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Gregg Fisher

Member since May 2015Contact Gregg

Gregg is Managing Partner at The Stem, a management consulting firm specializing in digital strategy, engagement and operations. The Stem provides Health brands with specialized expertise in market research, multi-channel strategy, analytics and project management through a “networked consulting” model that draws on the industry's leading talent. Gregg has 20+ years experience at the intersection of digital marketing, media and technology. He is passionate about showing how digital technology can make healthcare customer engagement more efficient and effective. Previously, Gregg was Global Managing Director of LBi Health (now part of DigitasLBi), a digital health agency he founded in 2009. In this capacity, he led the firm’s relationships with major healthcare organizations, including Bristol-Myers Squibb, WebMD, Massachusetts General Hospital, Genzyme and Johnson & Johnson. Prior to that, he was Client Partner and Director of Strategy at IconNicholson, a pioneering interactive user experience and design boutique. He previously served in account management roles at Modem Media, one of the first digital agencies, and BBDO.

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  • What Life Sciences Marketers Can Learn From Hollywood About Buying Consulting And Agency Services by Gregg Fisher (Marketing: Health on 06/02/2015)

    Paula, well said. There is a downside when people freelance out of necessity versus choice. However, corporate job security (in all industries) has become fleeting and the freelance economy is the new reality. The independent consultants that thrive are those who realize that, cultivate specialized skills that let them attract innovative projects, and earn wages in excess of a corporate job.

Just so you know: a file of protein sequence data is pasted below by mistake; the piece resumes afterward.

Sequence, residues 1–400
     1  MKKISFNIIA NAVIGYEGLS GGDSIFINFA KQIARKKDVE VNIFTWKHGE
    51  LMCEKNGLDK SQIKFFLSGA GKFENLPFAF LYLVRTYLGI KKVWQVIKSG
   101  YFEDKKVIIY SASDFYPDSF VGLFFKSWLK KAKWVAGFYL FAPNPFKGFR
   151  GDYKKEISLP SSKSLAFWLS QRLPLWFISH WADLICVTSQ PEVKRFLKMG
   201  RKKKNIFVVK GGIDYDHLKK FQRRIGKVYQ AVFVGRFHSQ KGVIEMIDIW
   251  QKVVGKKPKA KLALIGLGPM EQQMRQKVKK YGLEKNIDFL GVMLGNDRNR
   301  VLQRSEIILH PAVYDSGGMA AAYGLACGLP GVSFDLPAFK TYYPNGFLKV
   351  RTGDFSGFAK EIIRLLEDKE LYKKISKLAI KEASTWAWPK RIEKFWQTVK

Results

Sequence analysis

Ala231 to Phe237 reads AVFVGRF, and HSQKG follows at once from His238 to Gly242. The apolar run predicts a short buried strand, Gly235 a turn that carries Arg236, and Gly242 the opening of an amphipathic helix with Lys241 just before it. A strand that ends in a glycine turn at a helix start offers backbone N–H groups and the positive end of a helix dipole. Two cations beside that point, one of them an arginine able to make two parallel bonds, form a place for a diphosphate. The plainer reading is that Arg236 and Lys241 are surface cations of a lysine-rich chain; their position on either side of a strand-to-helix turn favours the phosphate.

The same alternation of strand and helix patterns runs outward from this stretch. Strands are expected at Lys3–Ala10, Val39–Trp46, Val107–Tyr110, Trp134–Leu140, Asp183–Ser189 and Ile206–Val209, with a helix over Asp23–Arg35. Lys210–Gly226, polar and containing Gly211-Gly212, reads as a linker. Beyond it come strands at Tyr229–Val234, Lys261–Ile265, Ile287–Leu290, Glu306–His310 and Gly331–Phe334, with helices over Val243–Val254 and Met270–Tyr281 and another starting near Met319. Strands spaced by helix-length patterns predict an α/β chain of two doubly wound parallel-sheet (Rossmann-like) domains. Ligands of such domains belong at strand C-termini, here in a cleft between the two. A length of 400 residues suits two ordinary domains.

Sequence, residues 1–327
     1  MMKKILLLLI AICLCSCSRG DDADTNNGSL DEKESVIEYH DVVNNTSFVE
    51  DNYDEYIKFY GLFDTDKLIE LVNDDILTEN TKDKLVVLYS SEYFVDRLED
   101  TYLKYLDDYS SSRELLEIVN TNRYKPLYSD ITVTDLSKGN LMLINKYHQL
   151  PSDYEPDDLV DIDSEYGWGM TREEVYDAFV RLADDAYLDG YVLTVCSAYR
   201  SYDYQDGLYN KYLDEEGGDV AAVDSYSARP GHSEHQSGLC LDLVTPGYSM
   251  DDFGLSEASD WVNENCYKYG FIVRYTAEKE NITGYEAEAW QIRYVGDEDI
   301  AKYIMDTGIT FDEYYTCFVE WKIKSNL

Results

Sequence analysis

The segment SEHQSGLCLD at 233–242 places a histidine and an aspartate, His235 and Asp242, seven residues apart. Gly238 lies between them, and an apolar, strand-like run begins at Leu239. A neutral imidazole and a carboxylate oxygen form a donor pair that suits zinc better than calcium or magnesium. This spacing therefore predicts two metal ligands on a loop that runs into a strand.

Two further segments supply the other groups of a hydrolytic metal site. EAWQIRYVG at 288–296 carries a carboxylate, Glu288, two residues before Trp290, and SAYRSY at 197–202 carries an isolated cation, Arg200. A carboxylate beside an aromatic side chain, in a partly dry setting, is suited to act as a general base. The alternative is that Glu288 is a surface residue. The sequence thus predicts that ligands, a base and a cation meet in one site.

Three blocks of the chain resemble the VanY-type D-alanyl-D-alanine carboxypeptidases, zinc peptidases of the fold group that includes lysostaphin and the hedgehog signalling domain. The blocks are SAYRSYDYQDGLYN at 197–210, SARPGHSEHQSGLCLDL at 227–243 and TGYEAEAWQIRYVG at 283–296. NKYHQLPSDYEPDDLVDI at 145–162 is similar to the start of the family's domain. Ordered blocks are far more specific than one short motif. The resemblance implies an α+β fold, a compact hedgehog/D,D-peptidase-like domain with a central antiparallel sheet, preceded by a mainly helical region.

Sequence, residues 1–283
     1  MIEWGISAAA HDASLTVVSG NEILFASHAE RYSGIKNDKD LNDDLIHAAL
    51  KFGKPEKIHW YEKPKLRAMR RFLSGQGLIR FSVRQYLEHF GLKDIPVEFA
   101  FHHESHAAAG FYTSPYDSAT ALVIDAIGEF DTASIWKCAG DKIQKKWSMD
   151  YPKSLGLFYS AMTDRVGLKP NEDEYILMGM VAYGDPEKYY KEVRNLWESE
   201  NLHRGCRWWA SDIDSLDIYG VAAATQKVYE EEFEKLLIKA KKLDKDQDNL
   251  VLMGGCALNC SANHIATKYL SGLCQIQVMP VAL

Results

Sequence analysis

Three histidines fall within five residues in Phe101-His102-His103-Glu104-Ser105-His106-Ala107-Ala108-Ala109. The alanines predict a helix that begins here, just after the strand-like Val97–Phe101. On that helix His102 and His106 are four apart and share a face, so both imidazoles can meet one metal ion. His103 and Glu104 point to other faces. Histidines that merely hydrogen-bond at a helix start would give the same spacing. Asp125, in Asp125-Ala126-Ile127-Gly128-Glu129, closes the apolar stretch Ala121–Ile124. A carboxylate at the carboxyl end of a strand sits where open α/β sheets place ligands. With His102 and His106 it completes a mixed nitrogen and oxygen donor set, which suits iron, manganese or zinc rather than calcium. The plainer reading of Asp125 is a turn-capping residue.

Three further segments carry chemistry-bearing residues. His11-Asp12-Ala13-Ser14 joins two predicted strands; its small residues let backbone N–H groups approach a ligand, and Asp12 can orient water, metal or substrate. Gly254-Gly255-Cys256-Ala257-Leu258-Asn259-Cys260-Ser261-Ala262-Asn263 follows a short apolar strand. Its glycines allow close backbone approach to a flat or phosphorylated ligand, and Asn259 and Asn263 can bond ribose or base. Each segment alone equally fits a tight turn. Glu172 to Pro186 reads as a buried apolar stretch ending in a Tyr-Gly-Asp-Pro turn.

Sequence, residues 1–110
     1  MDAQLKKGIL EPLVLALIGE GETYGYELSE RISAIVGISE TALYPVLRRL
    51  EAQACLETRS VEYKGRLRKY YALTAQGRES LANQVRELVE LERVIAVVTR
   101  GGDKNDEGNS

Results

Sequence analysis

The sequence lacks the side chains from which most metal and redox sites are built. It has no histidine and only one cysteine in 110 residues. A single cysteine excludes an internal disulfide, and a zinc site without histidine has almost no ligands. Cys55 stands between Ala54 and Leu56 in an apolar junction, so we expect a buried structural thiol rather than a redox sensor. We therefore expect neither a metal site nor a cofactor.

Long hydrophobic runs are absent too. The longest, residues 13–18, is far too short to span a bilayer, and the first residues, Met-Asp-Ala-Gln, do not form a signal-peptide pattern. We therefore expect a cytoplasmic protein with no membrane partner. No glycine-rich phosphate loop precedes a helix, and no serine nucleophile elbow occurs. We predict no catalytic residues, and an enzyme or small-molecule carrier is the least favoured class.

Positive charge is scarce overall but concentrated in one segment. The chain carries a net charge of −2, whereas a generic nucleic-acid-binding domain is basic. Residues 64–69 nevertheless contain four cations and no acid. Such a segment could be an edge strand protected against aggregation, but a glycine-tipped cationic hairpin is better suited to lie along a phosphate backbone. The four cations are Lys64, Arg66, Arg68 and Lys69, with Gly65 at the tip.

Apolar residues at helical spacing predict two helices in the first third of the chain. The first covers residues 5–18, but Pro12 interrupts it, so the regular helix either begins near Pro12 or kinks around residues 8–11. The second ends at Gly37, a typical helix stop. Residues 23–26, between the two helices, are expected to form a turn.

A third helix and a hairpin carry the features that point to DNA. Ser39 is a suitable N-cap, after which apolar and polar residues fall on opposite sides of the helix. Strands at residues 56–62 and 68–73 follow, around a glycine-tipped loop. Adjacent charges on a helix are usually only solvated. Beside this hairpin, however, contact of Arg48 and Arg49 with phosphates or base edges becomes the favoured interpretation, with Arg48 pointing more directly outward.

• What Life Sciences Marketers Can Learn From Hollywood About Buying Consulting And Agency Services by Gregg Fisher (Marketing: Health on 06/02/2015)

    Brian, thanks for your post. I agree that "a balance of stability and flexibilty is best." The question is what is that balance. And trends have favored a more networked (less centralized) model for years now because of growth in freelance talent, ease of remote talent identification & talent management, and changes in attitudes toward work. Core infrastructure is critical even in a networked model but overhead is leanly focused so client dollars are maximized and the emphasis is kept on the right talent versus "our talent". No model is superior in all cases - each has trade-offs - but the advantages of this approach in terms of specialization, flexibility, talent motivation and value can lead to superior results for many Health clients. Regarding critical mass, the netwoked model does scale and scale well: Check out this HBR article which highlights one such firm with 500 consultants Thanks again for the post!

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